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Blending a House in with our Mountain Environment

Several folks that have read my previous articles on the real estate growth in Black Mountain have asked me if I am not concerned about the negative impact of that growth. This feedback has inspired me to write a few articles on the topic during 2007.

Controlling the impact of development, mitigating the impact of growth, controlling growth are all difficult topics without an easy solution. I decided to write this month's article on a topic that to me is easy to write as well as to implement: blending your house into the mountain.

As an avid trail runner and hiker, I am often disappointed by a new house that impacts my view. Instead of more mountain ridges I am seeing more and more homes, rather than trees and mountains. All of us that live in a house have impacted the mountain scenery, so we are all guilty of disturbing nature. But everyone can do a few easy things to try to blend our houses into the environment.

In this article, I've included a picture of a brochure that offers suggestions to blend your house into the woods. The brochure is available at the Chamber of Commerce, many real estate offices and several area banks. 

The brochure gives several simple steps toward making sure your home does not disturb the incredible beauty of our region.  It recommends fitting the home to the natural contours of the property, building below the ridgeline, curving the driveway if possible, and choosing building materials that enhance the existing natural elements.

It's amazing the impact that something as easy as choice of paint color can have on camouflaging a home.  The accompanying photo has six or seven homes that literally pop out at you because of the light color choice of the homeowners.  There are actually 16 homes within this photo, but those with darker colored exteriors actually blend right into the surrounding landscape.

One area I've been impressed with is Laurel Ridge. The development has extensive architectural restrictions aimed at blending homes into the mountains. It isn't perfect. What was a pristine mountain cove is now dotted with homes and roads. The architectural review process, however, has helped mitigate the negative impact of the development on our views. Especially once the leaves are on the trees, it is difficult to find the 50 plus homes in Laurel Ridge.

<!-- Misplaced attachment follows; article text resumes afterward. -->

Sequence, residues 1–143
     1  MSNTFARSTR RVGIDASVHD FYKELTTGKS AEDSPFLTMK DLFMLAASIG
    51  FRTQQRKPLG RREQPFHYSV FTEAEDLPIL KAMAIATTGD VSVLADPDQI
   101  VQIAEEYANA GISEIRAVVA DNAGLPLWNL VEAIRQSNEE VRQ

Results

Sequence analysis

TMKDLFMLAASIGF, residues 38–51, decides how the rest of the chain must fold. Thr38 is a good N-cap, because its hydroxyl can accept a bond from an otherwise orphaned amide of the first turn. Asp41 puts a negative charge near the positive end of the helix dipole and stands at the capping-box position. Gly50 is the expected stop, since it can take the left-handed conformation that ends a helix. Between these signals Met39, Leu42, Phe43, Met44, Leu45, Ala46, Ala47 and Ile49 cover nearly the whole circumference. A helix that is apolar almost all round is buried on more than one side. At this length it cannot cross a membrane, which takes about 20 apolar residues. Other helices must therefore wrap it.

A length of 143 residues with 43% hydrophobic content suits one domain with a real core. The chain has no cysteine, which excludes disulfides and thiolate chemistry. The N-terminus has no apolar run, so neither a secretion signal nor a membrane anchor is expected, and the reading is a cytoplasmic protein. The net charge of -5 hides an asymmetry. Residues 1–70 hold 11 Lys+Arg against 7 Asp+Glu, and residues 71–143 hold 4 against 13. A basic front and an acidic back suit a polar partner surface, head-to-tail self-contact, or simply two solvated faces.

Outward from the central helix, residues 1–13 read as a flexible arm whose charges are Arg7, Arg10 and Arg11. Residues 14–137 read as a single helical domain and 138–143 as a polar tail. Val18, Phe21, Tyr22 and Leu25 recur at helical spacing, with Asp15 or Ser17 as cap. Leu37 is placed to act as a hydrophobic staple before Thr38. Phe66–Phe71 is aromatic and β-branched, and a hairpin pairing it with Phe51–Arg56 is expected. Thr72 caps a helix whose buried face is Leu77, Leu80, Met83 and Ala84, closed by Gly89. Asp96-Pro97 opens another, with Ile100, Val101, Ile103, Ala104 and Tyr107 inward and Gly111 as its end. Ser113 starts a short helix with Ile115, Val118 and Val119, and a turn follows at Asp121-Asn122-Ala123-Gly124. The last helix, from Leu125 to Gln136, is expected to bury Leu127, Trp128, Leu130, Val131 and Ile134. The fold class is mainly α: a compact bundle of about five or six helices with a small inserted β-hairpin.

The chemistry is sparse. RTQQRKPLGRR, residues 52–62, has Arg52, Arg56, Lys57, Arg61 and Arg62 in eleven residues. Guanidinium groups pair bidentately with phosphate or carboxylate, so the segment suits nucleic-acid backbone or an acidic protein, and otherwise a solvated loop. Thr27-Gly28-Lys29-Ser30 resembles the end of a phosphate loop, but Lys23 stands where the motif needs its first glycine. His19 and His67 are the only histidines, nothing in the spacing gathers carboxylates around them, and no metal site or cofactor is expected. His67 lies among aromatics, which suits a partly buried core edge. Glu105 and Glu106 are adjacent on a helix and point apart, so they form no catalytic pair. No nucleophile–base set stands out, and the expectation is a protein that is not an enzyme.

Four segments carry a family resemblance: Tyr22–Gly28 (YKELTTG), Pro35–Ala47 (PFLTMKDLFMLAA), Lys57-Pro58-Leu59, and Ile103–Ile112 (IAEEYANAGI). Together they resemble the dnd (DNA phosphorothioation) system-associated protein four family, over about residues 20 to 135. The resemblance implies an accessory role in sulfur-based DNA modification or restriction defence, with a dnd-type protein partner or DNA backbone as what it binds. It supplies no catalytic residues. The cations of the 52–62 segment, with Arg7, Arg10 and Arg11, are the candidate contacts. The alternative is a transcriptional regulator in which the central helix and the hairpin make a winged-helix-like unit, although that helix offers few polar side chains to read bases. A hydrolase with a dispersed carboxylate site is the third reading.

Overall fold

To ensure new homes meet the guidelines, the development has an Architectural Review Committee (ARC) that must approve all plans prior to construction.  Failure to be in compliance results in fines and possibly legal action. The process toward compliance includes three facets: design, landscape and construction guidelines.

Included in the design aspect are specifics such as set-backs, building style and materials, height restrictions and even exterior lighting.  Landscape guidelines include identification of existing vegetation and post-construction work.  For example, approval is required prior to the cutting of any tree over 2" in diameter.  Construction requirements include erosion control and litter containers on site.

For David Begley, president of the Laurel Ridge ARC for 14 years, the impact of his committee is positive.  "It has worked pretty well and in general been well-received," he says.  "We require a site survey, and the setback is the hardest part to comply with.  Also, the colors, making sure it blends in, can be a challenge.  Sometimes people use lighter colors than desired."

Often times, I think we lose sight of the beautiful countryside in which we live.  I think it is worth a little of our time to consider how our homes impact that land.  The next time you have a chance to look around your neighborhood, consider the color choices, the landscaping, and the building materials of the various homes.  It seems a small step to take to preserve the incredible majesty of the Black Mountain area.   

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